BROADCASTING Television, Radio The UK’s draft Communications Bill has now reached the House of Lords where peers are expected to table amendments to many of the provisions. The Bill is a massive piece of legislation reforming the regulation of telecommunications, broadcast television, radio and the newspapers. The Bill will also reform rules of ownership of the media as well as providing for a new regulatory infrastructure under the auspices of the ‘super-regulator’ – OFCOM. The Bill includes several controversial proposals including plans to open up ITV1 to foreign owners, allowing Independent Television News (ITN) to be owned by a single entity and provisions to regulate the BBC. The Bill also needs to include revisions to embrace four new EC directives for the telecommunications industry. See www.mediaguardian.co.uk

Copyright , Internet , Record Labels / April 2003

COPYRIGHT Internet, Record Labels The BPI (British Phonographic Industry) has today (March 27th) sent out a letter to every University in the United Kingdom warning them that they face criminal sanctions if they collude in the illegal downloading of music files. This action follows similar actions by record company associations in Australia and the USA, the latter resulting in in the US Navy Acadamy warning nearly 100 students about downloading music files illegally. See www.timesonline.co.uk/student University News and Views. COMMENT : The BPI’s action follows on from similar actions by the RIAA and other industry associations, targeting internet service providers (ISPs), telecommunication companies and cable companies. The leading case at the moment is the ‘Verizon’ case currently in the appeal courts in the USA (see Law Updates March 2003). The UK courts held in the BPI’s case against easyinternetcafes Ltd that providing and facilitating the downloading of illegally copied files was actionable and the first instance decision in the Verizon case and the decisions in the RIAA’s cases against Napster and Aimster clearly supports this position. However, the Verizon appeal will certainly be of interest and the Dutch decision in Buma/Stemra -v- KaZaA (see Law Updates December 2002) means that this issue…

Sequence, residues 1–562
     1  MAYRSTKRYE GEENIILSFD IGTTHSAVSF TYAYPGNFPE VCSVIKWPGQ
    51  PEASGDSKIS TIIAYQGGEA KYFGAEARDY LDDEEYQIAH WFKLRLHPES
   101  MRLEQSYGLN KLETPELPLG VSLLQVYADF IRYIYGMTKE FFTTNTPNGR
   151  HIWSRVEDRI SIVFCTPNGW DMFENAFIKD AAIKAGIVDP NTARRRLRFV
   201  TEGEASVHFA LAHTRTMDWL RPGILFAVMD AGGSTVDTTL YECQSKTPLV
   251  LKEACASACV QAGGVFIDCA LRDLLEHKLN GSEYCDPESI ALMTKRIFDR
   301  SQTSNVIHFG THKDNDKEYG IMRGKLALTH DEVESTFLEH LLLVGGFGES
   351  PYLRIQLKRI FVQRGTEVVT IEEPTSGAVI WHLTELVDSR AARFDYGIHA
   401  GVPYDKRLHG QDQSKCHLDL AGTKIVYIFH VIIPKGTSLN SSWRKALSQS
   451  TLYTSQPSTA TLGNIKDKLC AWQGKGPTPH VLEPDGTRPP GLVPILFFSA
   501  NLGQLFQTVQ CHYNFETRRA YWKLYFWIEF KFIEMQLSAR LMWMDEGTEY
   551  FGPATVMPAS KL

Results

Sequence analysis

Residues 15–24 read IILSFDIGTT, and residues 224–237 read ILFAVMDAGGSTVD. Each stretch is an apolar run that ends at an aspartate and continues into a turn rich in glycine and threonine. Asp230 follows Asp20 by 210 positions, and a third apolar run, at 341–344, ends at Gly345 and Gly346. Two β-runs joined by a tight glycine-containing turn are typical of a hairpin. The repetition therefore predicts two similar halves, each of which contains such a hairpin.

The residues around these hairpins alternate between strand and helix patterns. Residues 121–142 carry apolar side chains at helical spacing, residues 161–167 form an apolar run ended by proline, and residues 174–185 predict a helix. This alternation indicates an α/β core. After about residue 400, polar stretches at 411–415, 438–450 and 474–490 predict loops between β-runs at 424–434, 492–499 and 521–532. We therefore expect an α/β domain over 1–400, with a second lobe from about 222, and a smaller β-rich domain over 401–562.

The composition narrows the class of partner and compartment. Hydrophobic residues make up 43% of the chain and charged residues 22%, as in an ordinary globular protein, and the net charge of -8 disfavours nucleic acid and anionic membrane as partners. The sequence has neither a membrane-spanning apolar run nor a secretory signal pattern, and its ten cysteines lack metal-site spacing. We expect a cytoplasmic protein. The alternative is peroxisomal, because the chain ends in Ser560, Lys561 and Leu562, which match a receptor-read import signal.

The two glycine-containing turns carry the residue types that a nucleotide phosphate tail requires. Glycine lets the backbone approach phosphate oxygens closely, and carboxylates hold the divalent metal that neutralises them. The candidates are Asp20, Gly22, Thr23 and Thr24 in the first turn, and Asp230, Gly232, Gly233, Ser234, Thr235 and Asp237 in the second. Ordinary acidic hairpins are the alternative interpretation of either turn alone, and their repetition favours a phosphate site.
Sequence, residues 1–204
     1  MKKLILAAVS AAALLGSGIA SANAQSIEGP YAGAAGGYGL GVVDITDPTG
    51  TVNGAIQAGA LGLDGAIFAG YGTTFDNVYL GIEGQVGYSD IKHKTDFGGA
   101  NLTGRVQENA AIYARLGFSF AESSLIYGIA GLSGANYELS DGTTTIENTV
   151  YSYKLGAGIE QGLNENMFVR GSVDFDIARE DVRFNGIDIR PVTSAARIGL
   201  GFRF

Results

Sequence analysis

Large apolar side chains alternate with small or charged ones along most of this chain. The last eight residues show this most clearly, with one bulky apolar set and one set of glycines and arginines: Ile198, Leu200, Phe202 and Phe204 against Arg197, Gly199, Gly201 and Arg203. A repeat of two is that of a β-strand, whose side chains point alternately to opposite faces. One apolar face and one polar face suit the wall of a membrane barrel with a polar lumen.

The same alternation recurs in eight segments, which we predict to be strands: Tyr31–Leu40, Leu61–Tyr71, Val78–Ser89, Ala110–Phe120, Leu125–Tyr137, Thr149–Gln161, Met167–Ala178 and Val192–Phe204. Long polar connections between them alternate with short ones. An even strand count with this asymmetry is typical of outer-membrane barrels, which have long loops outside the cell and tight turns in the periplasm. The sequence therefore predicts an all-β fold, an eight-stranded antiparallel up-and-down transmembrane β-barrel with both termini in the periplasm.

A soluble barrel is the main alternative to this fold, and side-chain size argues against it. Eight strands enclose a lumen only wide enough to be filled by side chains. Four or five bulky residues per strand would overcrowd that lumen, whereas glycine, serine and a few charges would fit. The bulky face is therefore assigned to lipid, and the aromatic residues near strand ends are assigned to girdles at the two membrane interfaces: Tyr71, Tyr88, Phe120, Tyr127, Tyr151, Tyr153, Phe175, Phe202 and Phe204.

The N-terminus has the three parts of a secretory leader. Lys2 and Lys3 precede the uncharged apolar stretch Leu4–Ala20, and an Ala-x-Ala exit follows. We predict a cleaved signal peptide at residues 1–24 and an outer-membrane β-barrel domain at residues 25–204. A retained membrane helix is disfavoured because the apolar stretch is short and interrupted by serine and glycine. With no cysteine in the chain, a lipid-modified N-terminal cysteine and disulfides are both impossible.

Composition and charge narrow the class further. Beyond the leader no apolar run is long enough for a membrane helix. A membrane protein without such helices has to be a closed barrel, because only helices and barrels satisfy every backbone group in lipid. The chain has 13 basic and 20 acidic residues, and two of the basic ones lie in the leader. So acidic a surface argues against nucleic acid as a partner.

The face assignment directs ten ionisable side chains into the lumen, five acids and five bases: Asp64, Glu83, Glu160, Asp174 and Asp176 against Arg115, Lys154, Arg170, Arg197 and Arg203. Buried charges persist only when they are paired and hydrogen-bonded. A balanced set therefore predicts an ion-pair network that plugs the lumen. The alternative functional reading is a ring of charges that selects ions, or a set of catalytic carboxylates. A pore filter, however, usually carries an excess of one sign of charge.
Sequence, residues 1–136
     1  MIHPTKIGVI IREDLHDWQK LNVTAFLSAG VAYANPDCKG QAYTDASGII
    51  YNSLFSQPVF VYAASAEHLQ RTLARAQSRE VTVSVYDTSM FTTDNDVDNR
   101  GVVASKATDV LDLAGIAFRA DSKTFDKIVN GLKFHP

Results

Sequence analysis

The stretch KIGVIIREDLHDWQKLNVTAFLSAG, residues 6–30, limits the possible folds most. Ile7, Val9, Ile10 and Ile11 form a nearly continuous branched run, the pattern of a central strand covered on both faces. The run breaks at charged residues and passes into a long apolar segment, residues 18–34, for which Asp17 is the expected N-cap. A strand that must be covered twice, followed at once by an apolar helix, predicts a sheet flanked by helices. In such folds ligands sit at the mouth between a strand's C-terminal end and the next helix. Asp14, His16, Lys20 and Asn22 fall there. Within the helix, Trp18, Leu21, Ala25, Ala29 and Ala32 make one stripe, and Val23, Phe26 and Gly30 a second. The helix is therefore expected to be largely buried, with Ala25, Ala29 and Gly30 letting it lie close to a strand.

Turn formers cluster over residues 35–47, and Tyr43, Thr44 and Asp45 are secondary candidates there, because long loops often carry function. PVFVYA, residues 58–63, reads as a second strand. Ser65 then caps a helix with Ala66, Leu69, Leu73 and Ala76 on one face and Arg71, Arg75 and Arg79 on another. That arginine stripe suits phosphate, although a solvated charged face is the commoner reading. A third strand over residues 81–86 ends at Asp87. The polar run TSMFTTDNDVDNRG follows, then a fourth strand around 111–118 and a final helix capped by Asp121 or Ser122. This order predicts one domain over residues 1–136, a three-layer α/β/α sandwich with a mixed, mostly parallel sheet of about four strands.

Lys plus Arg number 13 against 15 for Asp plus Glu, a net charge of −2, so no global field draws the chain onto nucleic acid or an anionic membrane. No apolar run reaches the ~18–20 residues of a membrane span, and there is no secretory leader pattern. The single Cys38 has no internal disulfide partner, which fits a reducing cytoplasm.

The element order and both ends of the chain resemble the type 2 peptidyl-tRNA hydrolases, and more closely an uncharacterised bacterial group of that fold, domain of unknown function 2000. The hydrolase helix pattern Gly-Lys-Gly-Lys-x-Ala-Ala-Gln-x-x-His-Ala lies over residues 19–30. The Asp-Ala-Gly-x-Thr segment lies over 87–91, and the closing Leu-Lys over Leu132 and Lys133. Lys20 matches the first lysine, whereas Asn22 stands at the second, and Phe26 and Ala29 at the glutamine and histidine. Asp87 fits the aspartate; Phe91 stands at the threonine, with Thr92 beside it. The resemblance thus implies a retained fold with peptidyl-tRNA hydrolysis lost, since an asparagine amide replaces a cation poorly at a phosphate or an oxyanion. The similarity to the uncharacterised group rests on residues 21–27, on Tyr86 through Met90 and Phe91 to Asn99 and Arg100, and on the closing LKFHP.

Licensing , Live Events / April 2003

LICENSING Live Concert Industry Undercover licensing officers for Westminster Council in London have investigated and now succesfully prosecuted the Pathfinder Pubs, owner of the Pitcher & Piano chain of bars, for allowing customers to dance at bars which did not hold a public entertainment licence. The bars argued that customers were simply ‘moving rhythmically’ to the music. Horseferry Road Magistrates Court fined the chain 00 and required the chain to apply for two public entertainment licences.These will cost the chain 00 and the two bars in question will need 000 of works between them to qualify for the licences. See London Evening Standard 27 March 2003.


COPYRIGHT Record Labels, Music Publishers A folk musician says he is to take legal action against Rod Stewart over his contribution to the 1970s hit song “Maggie May”. Ray Jackson, a member of folk/rock band Lindisfarne, says he was paid just in 1971 for his contribution of a distinctive mandolin section in the recording. Mr Jackson believes he may have lost at least because he was not credited for the track’s distinctive “hook”. Mr Jackson is basing his claim on the Court of Appeal ruling that held that session musician Bobby Valentino should be recognised for his part in writing the distinctive violin riff on the Bluebells’ 1983 hit and subsequent 1993 number one hit “Young At Heart”. Stewart’s defence is that Jackson was engaged on a ‘work for hire’ basis and that all and any copyright which might have subsisted in the mandolin recording was assigned to Stewart absolutely and the was ‘full and final settlement’ for his services and any contribution. It is accepted that Mr Jackson had played on the song but not that he had any part in writing it. Stewart’s argument is that the recording and song were from the inception of their creation “the…

Artists , Defamation / March 2003